Now, I know that many of you are saying what many of my family members said, “You just took him out of school after one week because of a few kids being mean?” One lady at our church even came up to me and was questioning my decision to homeschool our son and said, “You know everyone isn’t going to be nice to him.” As I was standing there trying to defend my decision, my cousin came by and told me, “You don’t owe anyone an explanation for your decision to homeschool your child.” That statement has saved me many times over. It was a decision that me and my husband made for our family. I don’t owe anyone an explanation. However, I will tell you that it was not a decision that was made lightly. It was also not a knee jerk reaction to my son having a bad week of school. We made the decision because we feel that it is our responsibility to protect our children spiritually as well as physically. I sent a confident little black boy into that school. After less than a week, he was being broken down from the inside out.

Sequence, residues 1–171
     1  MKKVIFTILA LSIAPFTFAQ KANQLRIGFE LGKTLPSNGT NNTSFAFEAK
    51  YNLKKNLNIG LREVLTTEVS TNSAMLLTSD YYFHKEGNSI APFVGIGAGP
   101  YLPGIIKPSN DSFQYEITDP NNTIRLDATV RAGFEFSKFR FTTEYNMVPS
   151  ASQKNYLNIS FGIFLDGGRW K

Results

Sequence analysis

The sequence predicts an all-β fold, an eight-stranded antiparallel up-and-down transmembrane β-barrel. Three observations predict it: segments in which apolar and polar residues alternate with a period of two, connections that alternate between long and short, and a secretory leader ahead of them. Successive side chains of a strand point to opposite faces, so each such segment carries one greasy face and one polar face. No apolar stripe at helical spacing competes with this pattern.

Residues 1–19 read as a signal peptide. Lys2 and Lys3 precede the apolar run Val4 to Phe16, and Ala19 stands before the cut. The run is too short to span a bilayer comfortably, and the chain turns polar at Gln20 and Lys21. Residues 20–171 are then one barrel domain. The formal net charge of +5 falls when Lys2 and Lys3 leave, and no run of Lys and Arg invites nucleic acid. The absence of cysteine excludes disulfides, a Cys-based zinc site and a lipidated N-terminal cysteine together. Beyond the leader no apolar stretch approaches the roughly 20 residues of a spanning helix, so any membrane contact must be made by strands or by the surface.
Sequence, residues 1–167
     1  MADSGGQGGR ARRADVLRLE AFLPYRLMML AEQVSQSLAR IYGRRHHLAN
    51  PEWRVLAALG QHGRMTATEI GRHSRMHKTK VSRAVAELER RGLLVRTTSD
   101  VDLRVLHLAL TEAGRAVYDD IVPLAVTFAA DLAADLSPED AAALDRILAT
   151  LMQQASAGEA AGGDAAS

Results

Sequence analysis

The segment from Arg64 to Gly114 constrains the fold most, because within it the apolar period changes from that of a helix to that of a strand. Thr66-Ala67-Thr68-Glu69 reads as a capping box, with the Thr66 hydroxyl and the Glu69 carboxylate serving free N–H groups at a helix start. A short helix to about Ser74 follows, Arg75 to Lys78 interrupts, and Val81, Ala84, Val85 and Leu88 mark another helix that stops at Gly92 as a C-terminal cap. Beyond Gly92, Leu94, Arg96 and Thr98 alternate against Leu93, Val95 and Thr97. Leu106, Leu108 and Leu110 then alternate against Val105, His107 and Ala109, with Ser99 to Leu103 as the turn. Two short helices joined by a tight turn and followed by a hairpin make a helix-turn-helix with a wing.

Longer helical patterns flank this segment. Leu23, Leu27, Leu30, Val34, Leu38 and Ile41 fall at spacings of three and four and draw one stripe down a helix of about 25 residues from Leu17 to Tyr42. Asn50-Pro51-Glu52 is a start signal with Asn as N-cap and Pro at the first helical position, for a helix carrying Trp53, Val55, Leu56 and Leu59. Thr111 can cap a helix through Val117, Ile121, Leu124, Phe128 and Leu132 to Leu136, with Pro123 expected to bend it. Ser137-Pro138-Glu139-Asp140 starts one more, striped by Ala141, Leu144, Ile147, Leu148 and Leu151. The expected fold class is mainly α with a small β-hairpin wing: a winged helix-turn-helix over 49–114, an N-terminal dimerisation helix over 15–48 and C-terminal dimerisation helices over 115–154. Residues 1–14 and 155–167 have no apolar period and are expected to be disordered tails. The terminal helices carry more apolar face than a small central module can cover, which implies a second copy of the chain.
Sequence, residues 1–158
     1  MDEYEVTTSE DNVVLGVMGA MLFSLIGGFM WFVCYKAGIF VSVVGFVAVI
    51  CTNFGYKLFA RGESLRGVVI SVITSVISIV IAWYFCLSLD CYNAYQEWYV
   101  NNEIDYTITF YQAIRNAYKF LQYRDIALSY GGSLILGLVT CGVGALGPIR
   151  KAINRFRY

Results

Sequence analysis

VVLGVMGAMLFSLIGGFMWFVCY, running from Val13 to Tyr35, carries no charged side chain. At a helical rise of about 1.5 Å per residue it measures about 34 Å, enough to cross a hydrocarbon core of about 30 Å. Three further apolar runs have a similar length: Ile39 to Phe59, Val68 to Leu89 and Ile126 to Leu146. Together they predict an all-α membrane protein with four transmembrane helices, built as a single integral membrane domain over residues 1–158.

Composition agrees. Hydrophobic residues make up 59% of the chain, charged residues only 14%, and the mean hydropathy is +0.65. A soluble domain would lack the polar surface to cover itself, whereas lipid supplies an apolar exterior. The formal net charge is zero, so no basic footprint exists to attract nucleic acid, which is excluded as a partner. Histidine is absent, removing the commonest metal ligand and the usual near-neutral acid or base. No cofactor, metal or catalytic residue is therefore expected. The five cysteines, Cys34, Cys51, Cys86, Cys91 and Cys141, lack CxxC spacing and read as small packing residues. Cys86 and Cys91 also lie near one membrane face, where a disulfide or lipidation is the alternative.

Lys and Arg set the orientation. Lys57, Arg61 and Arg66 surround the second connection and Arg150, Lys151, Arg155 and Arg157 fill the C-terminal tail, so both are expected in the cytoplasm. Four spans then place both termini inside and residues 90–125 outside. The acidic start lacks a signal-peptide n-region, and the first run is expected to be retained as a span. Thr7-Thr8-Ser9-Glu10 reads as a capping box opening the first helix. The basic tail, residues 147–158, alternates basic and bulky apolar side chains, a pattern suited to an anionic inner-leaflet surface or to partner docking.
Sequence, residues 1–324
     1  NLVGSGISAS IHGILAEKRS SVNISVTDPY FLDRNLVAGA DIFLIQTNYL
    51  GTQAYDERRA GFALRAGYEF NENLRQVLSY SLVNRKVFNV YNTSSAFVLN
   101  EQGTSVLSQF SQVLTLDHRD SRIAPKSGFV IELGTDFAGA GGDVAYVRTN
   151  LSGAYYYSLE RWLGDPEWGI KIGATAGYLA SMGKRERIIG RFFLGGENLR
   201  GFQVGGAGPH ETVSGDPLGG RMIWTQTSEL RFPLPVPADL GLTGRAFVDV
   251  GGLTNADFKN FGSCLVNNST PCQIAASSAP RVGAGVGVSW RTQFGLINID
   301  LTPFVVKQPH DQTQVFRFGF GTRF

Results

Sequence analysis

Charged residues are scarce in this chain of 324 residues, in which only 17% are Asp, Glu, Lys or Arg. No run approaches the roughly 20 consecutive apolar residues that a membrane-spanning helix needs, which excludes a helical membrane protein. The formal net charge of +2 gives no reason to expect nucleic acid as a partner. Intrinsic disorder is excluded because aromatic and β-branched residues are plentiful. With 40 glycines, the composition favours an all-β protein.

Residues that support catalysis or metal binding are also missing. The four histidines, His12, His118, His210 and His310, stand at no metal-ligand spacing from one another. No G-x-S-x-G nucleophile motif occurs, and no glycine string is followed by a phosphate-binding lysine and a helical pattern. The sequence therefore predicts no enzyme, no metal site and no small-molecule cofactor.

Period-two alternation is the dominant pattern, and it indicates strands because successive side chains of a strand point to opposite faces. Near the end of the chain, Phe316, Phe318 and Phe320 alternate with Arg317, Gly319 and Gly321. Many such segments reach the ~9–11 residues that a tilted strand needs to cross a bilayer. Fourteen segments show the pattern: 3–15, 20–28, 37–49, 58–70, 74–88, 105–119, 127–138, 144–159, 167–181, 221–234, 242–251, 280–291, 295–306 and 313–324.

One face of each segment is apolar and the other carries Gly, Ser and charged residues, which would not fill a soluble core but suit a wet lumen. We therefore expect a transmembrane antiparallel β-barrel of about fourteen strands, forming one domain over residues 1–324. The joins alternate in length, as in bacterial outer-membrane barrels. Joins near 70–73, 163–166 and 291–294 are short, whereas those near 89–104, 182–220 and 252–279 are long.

The Holy Spirit told me that the enemy does not wait for your child to reach maturity to try to destroy him or her. Just like King Herod chased Jesus and killed all the male babies in an attempt to keep Jesus from fulfilling his destiny, the same thing is happening to our children today. The enemy comes to kill, steal and destroy. Sometimes he works through racist teachers and the education system. As parents, it is our job to protect our children’s spiritual well-being as well as physical. Homeschooling my children has been one of the best decisions of my life. I get confirmation every time I see a news report about a teacher molesting a child, school shooting or bullying that’s caused some child to commit suicide. Homeschooling isn’t for everyone but, it was the right decision for my family.